Bananas came in sticks and hung down from the ceiling so that the clerk could cut off "hands" for the customer. This procedure was enhanced sometimes by the appearance of tarantula spiders, tropical beetles or even little green tree snakes, who able to survive since the bananas were not fumigated before arrival.

Delivery of groceries was performed by small boys who came after school and carted orders t0 customers, with bicycles or wagons. Their lives were not beds of roses as the grocer, in the interest of service and retaining customers, thought, nothing ,of sending their delivery boys to the outskirts of the village with a spool of thread or,, some Bother tiny order. The customer was king in those days and that meant that he was king in rain or snow, day or night and the over-worked delivery boy plodded about dragging five gallon cans of coal-oil that had to be emptied into small-mouthed containers at a (Customer's home without a fun, under the windy threats of the housewife of what could happen if a drop was spilled.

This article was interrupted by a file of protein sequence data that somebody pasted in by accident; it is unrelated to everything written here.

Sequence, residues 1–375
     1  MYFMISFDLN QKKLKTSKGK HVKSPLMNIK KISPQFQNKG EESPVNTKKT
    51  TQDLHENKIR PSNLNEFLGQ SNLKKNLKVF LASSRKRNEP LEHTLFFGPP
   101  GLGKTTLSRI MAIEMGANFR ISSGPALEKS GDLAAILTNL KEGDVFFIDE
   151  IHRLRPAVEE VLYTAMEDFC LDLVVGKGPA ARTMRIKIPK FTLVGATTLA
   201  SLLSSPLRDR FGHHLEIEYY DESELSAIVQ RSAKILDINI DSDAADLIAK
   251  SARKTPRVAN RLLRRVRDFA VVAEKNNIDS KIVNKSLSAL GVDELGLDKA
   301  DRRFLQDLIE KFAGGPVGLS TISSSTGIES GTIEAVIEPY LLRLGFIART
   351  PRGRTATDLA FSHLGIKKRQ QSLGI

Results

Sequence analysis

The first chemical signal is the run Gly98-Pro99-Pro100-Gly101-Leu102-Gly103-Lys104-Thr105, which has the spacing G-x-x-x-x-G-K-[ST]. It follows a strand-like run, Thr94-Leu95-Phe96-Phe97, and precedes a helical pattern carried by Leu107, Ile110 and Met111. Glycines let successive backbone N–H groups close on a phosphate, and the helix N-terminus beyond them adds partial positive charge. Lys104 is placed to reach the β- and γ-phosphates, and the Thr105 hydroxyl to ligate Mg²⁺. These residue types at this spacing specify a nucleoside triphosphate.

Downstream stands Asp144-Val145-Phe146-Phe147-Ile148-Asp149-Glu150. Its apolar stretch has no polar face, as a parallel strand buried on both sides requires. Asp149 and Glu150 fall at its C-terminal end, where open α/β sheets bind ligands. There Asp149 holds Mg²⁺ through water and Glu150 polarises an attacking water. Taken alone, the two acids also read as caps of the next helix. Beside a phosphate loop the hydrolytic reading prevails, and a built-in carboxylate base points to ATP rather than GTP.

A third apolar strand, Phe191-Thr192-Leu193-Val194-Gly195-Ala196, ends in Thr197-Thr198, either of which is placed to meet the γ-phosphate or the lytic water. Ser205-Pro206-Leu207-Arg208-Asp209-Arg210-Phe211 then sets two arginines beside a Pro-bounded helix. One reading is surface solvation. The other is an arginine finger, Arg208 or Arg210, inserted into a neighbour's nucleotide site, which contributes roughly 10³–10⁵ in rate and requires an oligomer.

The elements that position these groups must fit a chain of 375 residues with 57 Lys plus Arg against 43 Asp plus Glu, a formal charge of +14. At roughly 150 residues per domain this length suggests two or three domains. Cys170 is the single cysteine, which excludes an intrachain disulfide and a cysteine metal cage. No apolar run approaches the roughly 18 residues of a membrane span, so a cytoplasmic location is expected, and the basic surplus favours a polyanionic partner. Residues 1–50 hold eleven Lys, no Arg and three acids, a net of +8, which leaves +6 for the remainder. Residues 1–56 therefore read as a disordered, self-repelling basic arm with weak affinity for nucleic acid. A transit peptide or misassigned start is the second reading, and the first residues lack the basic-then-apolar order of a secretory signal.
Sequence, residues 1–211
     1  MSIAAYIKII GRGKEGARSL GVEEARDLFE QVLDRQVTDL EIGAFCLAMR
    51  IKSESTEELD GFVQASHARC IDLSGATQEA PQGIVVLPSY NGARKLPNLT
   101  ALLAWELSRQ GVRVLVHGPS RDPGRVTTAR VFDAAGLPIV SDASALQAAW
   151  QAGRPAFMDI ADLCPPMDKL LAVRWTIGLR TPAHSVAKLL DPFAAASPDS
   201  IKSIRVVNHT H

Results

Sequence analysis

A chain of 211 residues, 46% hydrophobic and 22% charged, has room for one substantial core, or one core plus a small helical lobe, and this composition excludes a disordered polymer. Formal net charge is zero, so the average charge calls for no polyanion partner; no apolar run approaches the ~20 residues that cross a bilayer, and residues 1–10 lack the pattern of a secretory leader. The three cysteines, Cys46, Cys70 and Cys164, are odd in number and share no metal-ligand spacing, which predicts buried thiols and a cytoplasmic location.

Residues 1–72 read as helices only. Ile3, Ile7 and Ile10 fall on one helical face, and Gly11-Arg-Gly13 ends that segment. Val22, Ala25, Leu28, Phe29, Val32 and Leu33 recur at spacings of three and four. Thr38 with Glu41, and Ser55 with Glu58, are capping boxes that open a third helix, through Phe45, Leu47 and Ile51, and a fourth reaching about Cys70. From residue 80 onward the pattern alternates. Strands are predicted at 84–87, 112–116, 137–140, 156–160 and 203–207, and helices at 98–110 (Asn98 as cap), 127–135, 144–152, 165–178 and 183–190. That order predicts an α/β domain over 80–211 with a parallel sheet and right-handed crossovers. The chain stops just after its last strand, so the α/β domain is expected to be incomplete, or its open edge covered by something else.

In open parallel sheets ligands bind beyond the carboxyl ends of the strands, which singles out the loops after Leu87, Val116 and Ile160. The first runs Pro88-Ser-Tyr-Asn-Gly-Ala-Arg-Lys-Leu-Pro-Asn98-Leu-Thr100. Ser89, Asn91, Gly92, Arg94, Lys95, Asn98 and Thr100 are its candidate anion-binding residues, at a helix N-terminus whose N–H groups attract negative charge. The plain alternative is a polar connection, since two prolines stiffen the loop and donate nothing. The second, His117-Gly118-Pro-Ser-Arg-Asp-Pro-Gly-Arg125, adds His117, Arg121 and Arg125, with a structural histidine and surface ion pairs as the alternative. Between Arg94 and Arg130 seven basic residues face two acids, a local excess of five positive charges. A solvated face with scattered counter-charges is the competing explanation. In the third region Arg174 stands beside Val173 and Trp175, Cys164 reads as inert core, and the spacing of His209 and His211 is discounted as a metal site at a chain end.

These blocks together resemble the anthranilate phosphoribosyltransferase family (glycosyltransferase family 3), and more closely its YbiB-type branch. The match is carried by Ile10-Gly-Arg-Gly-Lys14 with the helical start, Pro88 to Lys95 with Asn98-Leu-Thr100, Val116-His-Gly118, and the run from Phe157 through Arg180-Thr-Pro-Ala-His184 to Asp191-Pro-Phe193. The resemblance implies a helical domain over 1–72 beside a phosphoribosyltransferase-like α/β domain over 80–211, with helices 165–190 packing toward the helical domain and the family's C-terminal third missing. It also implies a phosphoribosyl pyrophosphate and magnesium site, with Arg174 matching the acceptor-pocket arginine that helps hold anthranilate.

Store hours were set by the (Customers which meant that stores were open except when the grocer was in bed. or on iSunday. Eventually there was evening closing on Mondays.